Description: The book contains well over 200 color images of 165 cytology cases from four domestic species. The author poses specific questions about each case and answers those questions on the next page. The answers are designed to instruct veterinary practitioners about important cytological features present in the image, additional cytological features that are not pictured, differential diagnoses, typical case outcome, and treatment of the most likely differential. In addition, the book contains a section titled "frequently asked questions" that primarily focuses on sample collection and handling.
Purpose: The author's main purpose is to provide readers a way to test their knowledge of veterinary cytology, including cases from dogs, cats, horses, and cattle. This is a worthy goal since only a few veterinary cytology textbooks are available and most do not include examples from both large and small animals. To accomplish her goal, the author includes one to four images of each case, which she pairs with questions. The questions are designed to make readers concentrate on the image, describe the cytological features of the case, diagnose the disease or formulate a list of differential diagnoses, decide which additional tests are needed to make a definitive diagnosis, and think about how to treat the patient. For the most part, the answers the author gives to the questions are complete and factual. In most cases, the diagnosis is clear from the images. However several cases are not well presented; poor image quality is the predominant problem, but there are also a few case answers that contain questionable information.
Audience: The author states in the preface that the book is for "anyone interested in veterinary cytology." Apart from the section on "frequently asked questions" (which is useful for both technicians and veterinarians), the book is best suited for veterinarians who have already had basic cytology training. Due to the random arrangement of cases in the book, it cannot easily be used to aid a veterinarian trying to diagnose a cytology case. However, veterinarians interested in cytology are likely to find the book interesting and the case presentations helpful review information. The author is a board certified veterinary clinical pathologist.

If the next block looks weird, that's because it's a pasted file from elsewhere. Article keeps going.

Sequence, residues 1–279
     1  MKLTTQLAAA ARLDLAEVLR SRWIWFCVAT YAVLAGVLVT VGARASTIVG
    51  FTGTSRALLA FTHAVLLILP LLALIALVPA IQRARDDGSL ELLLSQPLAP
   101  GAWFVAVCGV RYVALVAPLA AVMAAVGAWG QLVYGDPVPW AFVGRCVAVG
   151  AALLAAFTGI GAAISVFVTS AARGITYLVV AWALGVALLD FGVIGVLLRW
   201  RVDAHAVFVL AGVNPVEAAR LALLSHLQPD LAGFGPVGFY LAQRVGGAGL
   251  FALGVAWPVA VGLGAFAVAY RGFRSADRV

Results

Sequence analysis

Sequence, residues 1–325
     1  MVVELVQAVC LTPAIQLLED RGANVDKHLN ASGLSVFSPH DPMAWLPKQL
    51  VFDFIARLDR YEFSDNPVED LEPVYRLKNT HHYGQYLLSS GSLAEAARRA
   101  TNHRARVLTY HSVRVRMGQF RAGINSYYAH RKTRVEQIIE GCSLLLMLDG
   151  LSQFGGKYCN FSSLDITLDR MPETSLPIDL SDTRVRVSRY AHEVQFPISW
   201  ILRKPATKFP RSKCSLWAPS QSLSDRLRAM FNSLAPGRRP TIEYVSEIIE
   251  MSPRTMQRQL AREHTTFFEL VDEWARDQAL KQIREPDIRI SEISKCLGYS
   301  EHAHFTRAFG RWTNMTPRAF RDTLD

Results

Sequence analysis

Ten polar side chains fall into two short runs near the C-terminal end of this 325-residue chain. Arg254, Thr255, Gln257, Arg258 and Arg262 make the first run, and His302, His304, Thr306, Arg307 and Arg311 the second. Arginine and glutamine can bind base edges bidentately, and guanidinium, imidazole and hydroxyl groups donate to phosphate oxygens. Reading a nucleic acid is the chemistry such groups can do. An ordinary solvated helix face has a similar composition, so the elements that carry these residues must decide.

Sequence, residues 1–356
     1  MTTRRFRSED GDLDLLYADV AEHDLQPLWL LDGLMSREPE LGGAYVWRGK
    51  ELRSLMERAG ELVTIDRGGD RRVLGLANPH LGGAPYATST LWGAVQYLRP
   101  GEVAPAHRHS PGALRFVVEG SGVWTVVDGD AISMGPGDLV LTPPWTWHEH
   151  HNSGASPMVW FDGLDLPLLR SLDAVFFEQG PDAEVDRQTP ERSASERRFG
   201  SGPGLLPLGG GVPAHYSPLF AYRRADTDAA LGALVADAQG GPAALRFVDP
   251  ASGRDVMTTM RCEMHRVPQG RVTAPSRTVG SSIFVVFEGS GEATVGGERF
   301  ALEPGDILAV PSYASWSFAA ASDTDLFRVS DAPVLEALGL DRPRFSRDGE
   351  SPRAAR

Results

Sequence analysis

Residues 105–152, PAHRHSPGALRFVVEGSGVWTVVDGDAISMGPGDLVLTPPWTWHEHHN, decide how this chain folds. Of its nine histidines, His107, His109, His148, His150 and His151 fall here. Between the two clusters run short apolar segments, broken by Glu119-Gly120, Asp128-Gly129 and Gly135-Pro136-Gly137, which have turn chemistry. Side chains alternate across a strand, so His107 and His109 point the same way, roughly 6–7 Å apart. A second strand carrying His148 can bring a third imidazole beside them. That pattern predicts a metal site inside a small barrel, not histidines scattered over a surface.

Features: This book is designed to challenge readers to look critically at a cytological sample. However, the random order of the cases makes it difficult to visually compare cytology differentials that the author discusses in the case answers. There is no table of contents, but in the front of the book, cases are placed into a few general categories, which is somewhat helpful. Unfortunately, the classification page does not group the cases by specific lesion type (for example, round cell tumor) or by species. A list of the cases that illustrate a specific lesion type can be found in the index, but the species information is not included. The section of "frequently asked questions" at the end of the book contains useful information for practitioners who are not experienced in collecting samples for cytology. The most attractive aspect of the book is the inclusion of patient history and often a photograph of the gross lesion along with one or more images of the cytology for each case.
Assessment: This is a fun, quick review of cytology cases that includes good discussions about additional diagnostics that can be used to complement the cytological findings and reach a definitive diagnosis on a case. In a few cases, the image of the cytology is not clear enough to arrive at the diagnosis suggested in the case answers. In rare cases, the answers contain information that is incomplete or questionable. The book also includes a list of additional texts that readers can refer to for information about veterinary clinical pathology.